The factory was wrecked, and barely a house in the town around it
was left untouched by the worst floods to hit the Balkans in living
Maglaj was a picture of destruction, and of the economic toll on a
region woefully unfit to foot the bill.
"We all live off this factory, and the sooner production resumes,
the sooner the town will return to life," said mill worker Mirza
Mahic, shovel in hand.
Two decades after the wars that tore apart Yugoslavia and put much
of the region on Western financial life support, Serbia and Bosnia
must again look to Europe for the money to recover from days of
In Bosnia alone, forecasts of the damage top 1 billion euros ($1.37
billion). Given the destruction inflicted on agricultural land and
the energy network, imports are set to rise, impacting economic
growth and inflation. Food prices could soar.
Estimating the damage in Bosnia at 1.3 billion euros, or roughly 10
percent of national output, Raiffeisen Bank said on Tuesday its
forecast of 1.5 percent economic growth this year was under
Already struggling with very high unemployment, lower growth will
only make it harder for the countries' populations to find regular
work. Bosnia's jobless rate is running at around 40 percent and
Serbia's at 25 percent, according to official estimates, with many
workers scratching out a basic living in the grey economy.
Bosnia's presidency has asked the central government to request
reprogramming of the country's international loans and for
commercial banks to adjust loan repayments for Bosnians hit by the
flooding. The government says they number in the hundreds of
thousands, and that more than 100,000 buildings are unusable.
In Serbia, sandbag barriers largely kept the waters from the
country's biggest power plant, Nikola Tesla, but the largest coal
mine that supplies it was turned into a lake 60 meters deep in some
parts. Prime Minister Aleksandar Vucic says the clean-up at the
complex will cost more than 100 million euros.
Energy production, already down 40 percent, could be limited for
months. "It will take us a year to recover production here and take
the water out," Kolubara mine general manager Milenko Grgic told
Envoys from the European Union and the European Bank for
Reconstruction and Development (EBRD) visit the region this week to
see the damage first-hand.
As a candidate for EU membership, Serbia qualifies for the bloc's
Solidarity Fund, providing the damage amounts to at least 0.64
percent of gross domestic product (GDP), or around $240 million.
Serbia plans a donor conference on Thursday.
Bosnia, however, is yet to qualify for candidacy due to years of
foot-dragging by a political elite still split along ethnic lines. A
spokesman for the EU's mission in Bosnia said the bloc's executive
arm, the Commission, was urgently looking at how to pull together a
support package for the country.
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"The flooding destroyed not only the houses and businesses but also
the infrastructure, inflicting huge damage to roads, bridges,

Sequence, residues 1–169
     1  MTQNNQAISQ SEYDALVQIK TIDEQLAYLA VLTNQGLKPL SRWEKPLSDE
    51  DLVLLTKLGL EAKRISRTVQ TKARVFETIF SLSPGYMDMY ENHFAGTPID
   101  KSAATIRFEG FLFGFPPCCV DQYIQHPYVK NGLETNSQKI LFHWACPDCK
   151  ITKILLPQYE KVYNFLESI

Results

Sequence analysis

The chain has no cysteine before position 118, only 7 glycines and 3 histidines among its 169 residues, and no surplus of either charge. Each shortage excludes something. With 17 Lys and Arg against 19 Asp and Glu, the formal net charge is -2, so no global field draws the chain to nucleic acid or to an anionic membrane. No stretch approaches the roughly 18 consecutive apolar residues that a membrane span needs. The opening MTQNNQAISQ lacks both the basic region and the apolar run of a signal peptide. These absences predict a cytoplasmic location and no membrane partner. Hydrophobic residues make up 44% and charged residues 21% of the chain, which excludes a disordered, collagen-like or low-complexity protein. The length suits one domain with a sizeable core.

railway tracks and waterworks, which will need major investment,"
said Aleksa Milojevic, director of the Economic Institute in the
flood-hit town of Bijeljina in eastern Bosnia.
Milojevic said the agriculture and cattle stock in Bosnia's northern
Semberija region, the country's granary, was completely destroyed
because of the failure of authorities to react quickly to warnings
of the impending floods.
Bosnia's central government will discuss the impact with the
International Monetary Fund, which begins a 10-day review of a
standby loan deal on Wednesday. The deal is already frozen over the
failure of governments in the country's two autonomous republics to
agree on economic policies.
"The floods will have significant implications for the budgets, both
on spending and revenue sides," the Fund's envoy to Bosnia, Ruben
Atoyan, told Reuters.
Serbia, too, is due to begin talks soon on a new precautionary loan
deal with the IMF. The Washington-based lender is looking for deep
spending cuts but the floods may have ruined the best-laid plans of
Finance Minister Lazar Krstic.
In Serbia, agriculture accounts for roughly 12 percent of GDP and is
valued at $5 billion. The sector accounts for 25 percent of total
exports. Fortunately, Serbia's breadbasket, the northern Vojvodina
region, was spared the worst of the flooding. But the sector did not
"If 10 percent of agricultural production was affected it means that
the damage could amount to $500 million," said Milan Prostran,
former head of the agriculture department at Serbia's Chamber of
Small farmers in both countries were hit hardest.
"We all lived off raspberries, and now it's all gone," said Elvir
Cizmic from the Zeljezno Polje region in central Bosnia, where
landslides left over 5,000 people homeless and destroyed raspberry
"We had an annual output of 3 million markmarka ($2.1 million) from
raspberries," Cizmic said. "I can't believe that in one hour I lost
everything I had worked for my whole life."
(Additional reporting by Zoran Radosavljevic in Zagreb and Gordana
Katana in Banja Luka; Writing by Daria Sito-Sucic; Editing by Matt
Robinson and Toby Chopra)
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